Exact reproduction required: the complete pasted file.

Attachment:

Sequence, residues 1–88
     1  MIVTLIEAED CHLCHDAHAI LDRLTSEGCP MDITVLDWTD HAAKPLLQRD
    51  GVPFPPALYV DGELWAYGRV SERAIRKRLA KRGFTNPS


Sequence, residues 1–88
     1  MIVTLIEAED CHLCHDAHAI LDRLTSEGCP MDITVLDWTD HAAKPLLQRD
    51  GVPFPPALYV DGELWAYGRV SERAIRKRLA KRGFTNPS